Step 7: What happened? Do you know what happened? I don’t know, do you? What happened? She doesn’t know. He doesn’t know. Does anybody know? Somebody please tell me WHAT HAPPENED! Nobody knows what happened? Well, for sure that man is evil for publishing that book! Get your pitchforks!

Okay, okay … evil and pitchforks are all made up. Pardon my active imagination; I was born this way.

And that dear readers is how a manuscript submitted for clearance can fall into those famous cracks.  Can our friends over at Public Affairs confirm or deny more or less if this was how it went down with Peter Van Buren’s book? What, I don’t have friends left there anymore?  Okay…so, really — which one of the very Special Assistants at the Front Office dropped this ball?

Accountability Jane – they don’t make them like they used to anymore.

While I was writing this down I remember Harrison Ford in Clear and Present Danger. Remember that scene between Jack Ryan and Ritter?

Jack Ryan: If I go down you’re coming with me.

Ritter: Wrong again. I have an *autographed get-out-of-jail-free card*! “The President of the United States authorizes Deputy Director of the CIA Robert Ritter to conduct ‘Operation Reciprocity’ including all necessary funding and support. This action is deemed important to the national security of the United States etcetera, etcetera, etcetera.” You don’t *have* one of these, do you Jack?

You will note that in our brief imagined response above, the most important component is CYA. Yes, as in Cover Your Ass even on a paper trail.  It wasn’t me.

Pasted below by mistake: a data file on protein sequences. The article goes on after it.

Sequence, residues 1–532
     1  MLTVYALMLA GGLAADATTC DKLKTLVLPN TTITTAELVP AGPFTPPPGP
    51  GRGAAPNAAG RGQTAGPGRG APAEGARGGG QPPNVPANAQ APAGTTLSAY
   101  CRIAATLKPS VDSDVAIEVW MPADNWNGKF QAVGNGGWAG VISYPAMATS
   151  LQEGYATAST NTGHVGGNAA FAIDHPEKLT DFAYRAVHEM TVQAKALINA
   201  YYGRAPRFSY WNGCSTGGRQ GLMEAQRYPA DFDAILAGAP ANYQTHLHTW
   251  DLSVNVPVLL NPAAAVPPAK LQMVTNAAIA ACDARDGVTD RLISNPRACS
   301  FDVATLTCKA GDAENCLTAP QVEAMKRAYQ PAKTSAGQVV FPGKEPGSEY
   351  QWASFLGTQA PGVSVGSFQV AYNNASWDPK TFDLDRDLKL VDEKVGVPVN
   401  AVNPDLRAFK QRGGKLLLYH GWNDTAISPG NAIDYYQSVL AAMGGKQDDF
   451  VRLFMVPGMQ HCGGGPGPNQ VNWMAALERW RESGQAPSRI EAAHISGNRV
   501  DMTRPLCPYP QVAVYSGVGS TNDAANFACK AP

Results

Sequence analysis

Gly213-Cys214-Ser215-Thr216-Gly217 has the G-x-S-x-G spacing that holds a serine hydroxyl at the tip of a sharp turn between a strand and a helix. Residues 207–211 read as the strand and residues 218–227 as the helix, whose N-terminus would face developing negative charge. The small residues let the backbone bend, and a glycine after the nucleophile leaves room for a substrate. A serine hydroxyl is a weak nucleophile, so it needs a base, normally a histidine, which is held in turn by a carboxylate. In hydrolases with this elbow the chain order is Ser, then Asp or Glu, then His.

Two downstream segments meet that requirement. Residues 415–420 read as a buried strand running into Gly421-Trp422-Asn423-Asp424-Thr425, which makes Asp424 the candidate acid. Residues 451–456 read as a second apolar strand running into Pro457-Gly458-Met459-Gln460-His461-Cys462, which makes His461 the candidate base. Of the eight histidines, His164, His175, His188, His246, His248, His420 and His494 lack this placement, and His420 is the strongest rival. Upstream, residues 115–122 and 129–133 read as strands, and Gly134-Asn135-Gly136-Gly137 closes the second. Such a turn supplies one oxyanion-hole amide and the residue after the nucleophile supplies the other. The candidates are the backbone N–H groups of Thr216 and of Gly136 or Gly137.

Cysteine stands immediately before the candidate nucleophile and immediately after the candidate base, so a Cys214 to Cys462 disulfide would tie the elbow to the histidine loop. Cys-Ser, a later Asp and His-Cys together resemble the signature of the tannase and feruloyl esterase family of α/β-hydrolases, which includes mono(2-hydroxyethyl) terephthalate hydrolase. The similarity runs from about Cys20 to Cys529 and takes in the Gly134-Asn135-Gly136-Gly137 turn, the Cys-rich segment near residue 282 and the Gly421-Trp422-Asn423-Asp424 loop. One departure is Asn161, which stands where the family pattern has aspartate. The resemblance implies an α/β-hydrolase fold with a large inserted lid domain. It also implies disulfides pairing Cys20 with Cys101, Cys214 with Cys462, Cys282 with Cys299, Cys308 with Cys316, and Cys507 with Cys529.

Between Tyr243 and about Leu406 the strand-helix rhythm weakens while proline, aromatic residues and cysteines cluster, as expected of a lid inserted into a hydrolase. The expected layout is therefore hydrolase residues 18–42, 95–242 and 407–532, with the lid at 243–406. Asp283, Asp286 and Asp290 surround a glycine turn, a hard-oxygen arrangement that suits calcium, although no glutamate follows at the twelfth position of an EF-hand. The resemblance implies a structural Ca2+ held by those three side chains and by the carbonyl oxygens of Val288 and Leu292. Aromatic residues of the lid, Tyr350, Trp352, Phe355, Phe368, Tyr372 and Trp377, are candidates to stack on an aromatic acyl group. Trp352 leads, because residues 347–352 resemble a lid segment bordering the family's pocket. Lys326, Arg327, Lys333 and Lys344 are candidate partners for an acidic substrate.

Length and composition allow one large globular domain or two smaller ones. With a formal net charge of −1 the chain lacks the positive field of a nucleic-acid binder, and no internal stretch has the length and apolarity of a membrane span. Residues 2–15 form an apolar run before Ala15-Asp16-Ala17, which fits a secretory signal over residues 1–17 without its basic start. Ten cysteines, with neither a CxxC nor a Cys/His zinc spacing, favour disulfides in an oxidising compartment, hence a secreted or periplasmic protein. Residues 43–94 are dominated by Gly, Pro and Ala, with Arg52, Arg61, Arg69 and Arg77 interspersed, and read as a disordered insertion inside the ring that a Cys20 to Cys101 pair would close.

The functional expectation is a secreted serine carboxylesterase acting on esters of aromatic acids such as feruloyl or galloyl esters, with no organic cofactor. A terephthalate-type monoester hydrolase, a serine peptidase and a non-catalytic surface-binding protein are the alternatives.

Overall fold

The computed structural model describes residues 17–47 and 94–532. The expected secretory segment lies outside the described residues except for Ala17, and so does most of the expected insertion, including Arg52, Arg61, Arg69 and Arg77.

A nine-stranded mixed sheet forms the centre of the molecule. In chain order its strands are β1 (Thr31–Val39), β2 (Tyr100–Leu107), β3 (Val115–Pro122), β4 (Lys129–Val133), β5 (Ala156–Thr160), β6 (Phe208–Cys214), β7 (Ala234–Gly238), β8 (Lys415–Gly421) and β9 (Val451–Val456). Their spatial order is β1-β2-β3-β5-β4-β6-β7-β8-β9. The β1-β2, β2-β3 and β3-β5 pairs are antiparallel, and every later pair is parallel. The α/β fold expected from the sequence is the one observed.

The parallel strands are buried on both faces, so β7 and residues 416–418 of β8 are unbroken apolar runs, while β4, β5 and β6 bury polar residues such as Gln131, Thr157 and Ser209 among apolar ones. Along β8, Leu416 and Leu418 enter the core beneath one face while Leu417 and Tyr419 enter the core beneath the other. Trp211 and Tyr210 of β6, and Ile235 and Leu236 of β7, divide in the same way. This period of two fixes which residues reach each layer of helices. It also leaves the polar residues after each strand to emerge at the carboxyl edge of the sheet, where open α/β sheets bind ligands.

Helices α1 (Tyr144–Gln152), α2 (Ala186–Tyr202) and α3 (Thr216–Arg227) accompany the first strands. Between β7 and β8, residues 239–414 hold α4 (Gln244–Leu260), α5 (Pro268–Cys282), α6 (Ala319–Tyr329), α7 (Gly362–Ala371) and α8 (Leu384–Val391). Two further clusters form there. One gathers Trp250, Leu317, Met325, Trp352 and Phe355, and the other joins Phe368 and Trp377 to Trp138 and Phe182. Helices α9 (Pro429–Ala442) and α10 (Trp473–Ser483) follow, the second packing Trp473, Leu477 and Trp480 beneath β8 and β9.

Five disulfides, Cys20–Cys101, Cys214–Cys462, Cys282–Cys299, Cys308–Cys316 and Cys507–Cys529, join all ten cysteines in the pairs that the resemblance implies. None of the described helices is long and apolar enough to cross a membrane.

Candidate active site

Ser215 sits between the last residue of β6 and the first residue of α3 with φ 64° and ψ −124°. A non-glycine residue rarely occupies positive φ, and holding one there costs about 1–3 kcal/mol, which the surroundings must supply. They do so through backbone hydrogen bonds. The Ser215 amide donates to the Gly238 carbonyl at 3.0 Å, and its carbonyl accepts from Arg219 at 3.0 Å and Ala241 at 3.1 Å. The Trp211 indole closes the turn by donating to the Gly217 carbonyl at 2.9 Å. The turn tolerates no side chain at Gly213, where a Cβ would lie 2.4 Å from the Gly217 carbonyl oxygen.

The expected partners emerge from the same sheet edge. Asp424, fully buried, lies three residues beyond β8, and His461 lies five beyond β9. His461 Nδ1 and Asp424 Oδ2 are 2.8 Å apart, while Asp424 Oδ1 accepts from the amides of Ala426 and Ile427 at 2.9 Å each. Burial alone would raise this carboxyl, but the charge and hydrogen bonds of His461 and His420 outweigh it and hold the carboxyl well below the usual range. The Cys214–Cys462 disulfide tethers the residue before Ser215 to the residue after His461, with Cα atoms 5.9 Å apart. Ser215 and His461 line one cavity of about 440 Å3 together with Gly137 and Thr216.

That’s an institutionalized part of bureaucratic life. In fact, there ought to be a Cover Your Ass Lessons Learned Center. Except that Congress would never go for that. 

Anywho – I’d like to know who dropped the ball on this … c’mon fess up.

And stop squeezing the guy about a three-year old taxi receipt in Peru, and elsewhere. If you keep at it, he may have to send you a thank you note and Godiva chocolates for helping him break into Amazon’s Top 50 books. Pardon me?  Um, he is already in the Top 100. Can you imagine what happens if he actually gets fired? Um, hello bestseller?

While I’m on the subject of this book, Mr. Van Buren will do his only Washington DC area book signing today, October 11, at 6:30 pm, at the Washington flagship Barnes and Noble store, 555 12th St NW.  I understand that the first three in line buying a book will receive a special “Classified” carry bag.*

When pressed about the carry bag, the author emphasized that “*No
actual classified material was used or injured in the production of
this bag.” Also that “offer is void where patrolled by drones or tigers.”

Alrighty then, that settles it. See you there?!